Another reason given was that the use of ships' tranmitters in port and close inshore could cause harmful interference to the communications of the port state. If you were at sea you be familiar with the effects on the Merchant Navy programme, or the snowy picture of the TV, when 'Sparks' started tapping away on the key. The claim was that the people ashore could suffer the same problem if every ship was allowed to use the radio station.

Finally there was the safety claim. Sparks from transmitting radio equipment and antennas aboard the ship might ignite flammable gases from the cargo or other sources in port.

All of the above were considered excellent reasons why the radio room should not be used in port. Whether they were genuine or not, they certainly served me well as a damned good excuse to get off the ship and enjoy myself.

Ron

Robinj
26th January 2006, 00:11
The restrictions placed on the use of the ship's radio room could be for any of a number of reasons, the particular restrictions applied in any port depended on the national policy of the port state.

The most obvious but rarely stated one was that of national security. In most totalitarian states, for the citizens of that state the landline and radio communications facilities were strictly controlled and calls and messages were monitored and screened by the security services. It was not acceptable to allow an uncontrolled radio station to operate aboard a ship in their national waters. For that reason the radio rooms were usually sealed for the duration of your stay in such a port.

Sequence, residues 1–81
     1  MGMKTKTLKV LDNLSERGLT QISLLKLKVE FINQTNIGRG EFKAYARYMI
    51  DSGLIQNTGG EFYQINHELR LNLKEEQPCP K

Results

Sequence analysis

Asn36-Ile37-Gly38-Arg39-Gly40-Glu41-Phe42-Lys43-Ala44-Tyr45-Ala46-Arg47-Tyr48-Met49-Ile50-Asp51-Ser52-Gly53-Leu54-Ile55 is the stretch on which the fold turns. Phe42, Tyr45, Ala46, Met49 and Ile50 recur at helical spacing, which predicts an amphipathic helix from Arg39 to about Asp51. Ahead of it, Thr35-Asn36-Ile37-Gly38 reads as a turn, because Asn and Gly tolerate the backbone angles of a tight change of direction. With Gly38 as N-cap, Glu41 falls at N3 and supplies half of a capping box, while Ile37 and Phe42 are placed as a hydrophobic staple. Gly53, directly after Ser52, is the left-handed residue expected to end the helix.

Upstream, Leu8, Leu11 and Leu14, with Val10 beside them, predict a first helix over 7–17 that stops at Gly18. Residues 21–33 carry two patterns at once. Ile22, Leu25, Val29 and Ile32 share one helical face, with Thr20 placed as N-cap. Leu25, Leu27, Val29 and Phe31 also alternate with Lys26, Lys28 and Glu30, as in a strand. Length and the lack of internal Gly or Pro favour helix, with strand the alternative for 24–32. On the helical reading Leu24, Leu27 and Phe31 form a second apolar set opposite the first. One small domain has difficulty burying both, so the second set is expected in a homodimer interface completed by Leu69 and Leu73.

Another reason was one of commercial nature. Each state used to have a state monopoly on communications; in the case of commercial business communications this would be assigned to one or more operating organisations. In the UK the service was a monopoly, operated by the General Post Office. The service operators did not want ships to be able to avoid paying them for any telephone calls and telegrams sent whilst in port. They wanted you to use the shore facilities to communicate back to your owners or agents outside the country in which you were docked. For that reason you were required not to use the radio station in port. This could be enforced by monitoring the use of the ship's transmitters. However British and Commonwealth ships were usually able to evade those restrictions in the case of telegrams to ships from the UK/Commonwealth.